4th August, 2016
I was shifting my things back and forth between two places the other day and I had to book a cab from North Guwahati to the main city. Instead of finding a traffic jam on the Saraighat bridge like we usually do, we found one on the road through fancy bazaar. When I finally got to see why, it almost scared me to death. I am a thalassophobic, which means I am scared of deep, dark water. But it was not my phobia, the river was swollen to brink, the water was churning up almost to the main road. People were stopping their cars, getting down from their bikes just to click a photo, to feel ‘thrilled’ I guess. It seemed like a parade, with the people.
But the river seemed angry. The water was flowing angrily, angrily fast and carried branches, trees, debris and God only knows how many houses.
The cab driver, who was silent the entire journey, saw the water current and told me how back in 2004, the floods had devastated his village.
‘Our father was really old, we had to stack beds and chairs on top of each other and then put him on the top. We later found a fox hiding inside one of the crevices formed by the beds. But the water took away everything’.
‘Was the water till your waists?’, I asked naively.
‘It went over the roofs’, he said. Somehow, it felt like even he stopped caring about it.
Why is it that every year we realise how grim the flood situation is, after there is a flood situation? Why? And even after it has forced 1.2 million people to abandon their water-logged homes and take refuge in shelters, we are still crying over our social media pages that the national media has failed to take notice. But, did we, even for once, think if we are doing our bit?
Somewhere in the middle of all this social media chaos over who noticed whom, almost 60 percent of Kaziranga has submerged, forcing all the animals to move to higher grounds.
One of my friends, who happened to be on the highway around Kaziranga that time, witnessed a one-horned rhinoceros trying to cross the road to safety. But the people were too excited, trying to get a better look, maybe click a photo, which left it stressed and traumatised to even move.
I know the demographics of Assam. I know the plains are prone to floods. But this was pure selfish and arrogant behaviour that we humans had put up.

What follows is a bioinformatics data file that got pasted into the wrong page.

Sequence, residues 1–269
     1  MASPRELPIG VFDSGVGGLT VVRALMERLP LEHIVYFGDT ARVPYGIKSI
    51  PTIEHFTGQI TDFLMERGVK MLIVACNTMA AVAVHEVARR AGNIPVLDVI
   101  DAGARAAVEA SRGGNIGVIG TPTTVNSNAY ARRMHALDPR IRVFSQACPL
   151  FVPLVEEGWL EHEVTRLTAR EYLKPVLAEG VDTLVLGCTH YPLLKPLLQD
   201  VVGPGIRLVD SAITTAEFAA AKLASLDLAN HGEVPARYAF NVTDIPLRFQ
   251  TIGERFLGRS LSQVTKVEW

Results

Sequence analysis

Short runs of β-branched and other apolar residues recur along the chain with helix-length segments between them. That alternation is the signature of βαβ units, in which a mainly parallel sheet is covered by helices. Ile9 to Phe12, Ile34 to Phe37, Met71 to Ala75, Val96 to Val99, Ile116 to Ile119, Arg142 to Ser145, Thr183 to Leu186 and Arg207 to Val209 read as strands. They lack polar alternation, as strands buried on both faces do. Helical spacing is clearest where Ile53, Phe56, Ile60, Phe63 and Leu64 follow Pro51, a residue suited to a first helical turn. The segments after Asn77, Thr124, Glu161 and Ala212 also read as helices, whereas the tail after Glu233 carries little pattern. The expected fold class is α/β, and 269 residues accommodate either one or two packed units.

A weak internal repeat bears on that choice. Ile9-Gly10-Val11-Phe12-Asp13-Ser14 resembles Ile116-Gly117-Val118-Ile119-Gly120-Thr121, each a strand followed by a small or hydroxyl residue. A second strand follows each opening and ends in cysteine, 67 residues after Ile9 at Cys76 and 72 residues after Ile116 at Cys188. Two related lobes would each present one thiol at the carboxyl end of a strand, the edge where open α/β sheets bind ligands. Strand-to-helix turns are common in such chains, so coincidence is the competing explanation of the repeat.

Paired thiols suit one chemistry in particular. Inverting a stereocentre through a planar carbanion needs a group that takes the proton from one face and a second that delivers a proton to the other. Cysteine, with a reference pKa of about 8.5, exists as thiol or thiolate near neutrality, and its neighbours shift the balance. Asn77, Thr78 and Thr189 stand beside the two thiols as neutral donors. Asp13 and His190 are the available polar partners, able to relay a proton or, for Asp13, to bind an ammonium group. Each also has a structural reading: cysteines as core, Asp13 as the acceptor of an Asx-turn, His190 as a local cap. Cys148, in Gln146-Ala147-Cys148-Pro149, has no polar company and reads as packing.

I was arrogant too, I never cared, because I couldn’t understand what havoc the water wreaks. Floods? Sure. We had been writing articles, letters to the editors, extempore speeches all through middle school. But floods? Actually?
Two years ago, I was volunteering to distribute some relief materials for the people who had lost everything in floods that year, somewhere in a remote village near Goalpara in lower Assam. I still hadn’t realised the intensity of the destruction until an old wrinkled lady showed up and asked us with all her sincerity if she could have some of the relief materials (which included food grains and clothes) too, even though her house hadn’t been washed away unlike the others present there. She said she had only lost everything else, but she still had a roof over her head which made her concerned if she really deserved help more than others who had nothing, not even a home to call their own.
And we are crying over attention.
Whose fault is it really, I wonder. Maybe when I grow up, I’ll understand. But what I do understand now, is that everyone, every single one of us, is responsible. We are responsible when we let the window of our car down to toss an empty packet of chips out, we are responsible when we let the bathroom light on after we have used it. We are also responsible when we turn a blind eye to the government not sending UCs of all the fund that comes in every year for providing relief to the millions (yes, millions) affected by floods. We are responsible for our ignorance.
The masses need education, information about family planning, land encroachment, pollution. But what about us? We who are educated but still are just plain ignorant every day while the environment deteriorates further?
What’ll make us care more?
Why don’t we care that every year the floods cause a little more destruction than the last, every year the temperatures get higher and the monsoons more erratic, every year the technology advances and we upgrade our phones, our clothes, our lives but never care to upgrade the environment. Never care to plant a single tree, never care to help a single defenceless animal, never care when the floods wash away everything some of us have.
But I have hope. My young people fail fast, but they learn faster. I have hopes that we will learn to care enough before it gets too late.
And we are crying over attention.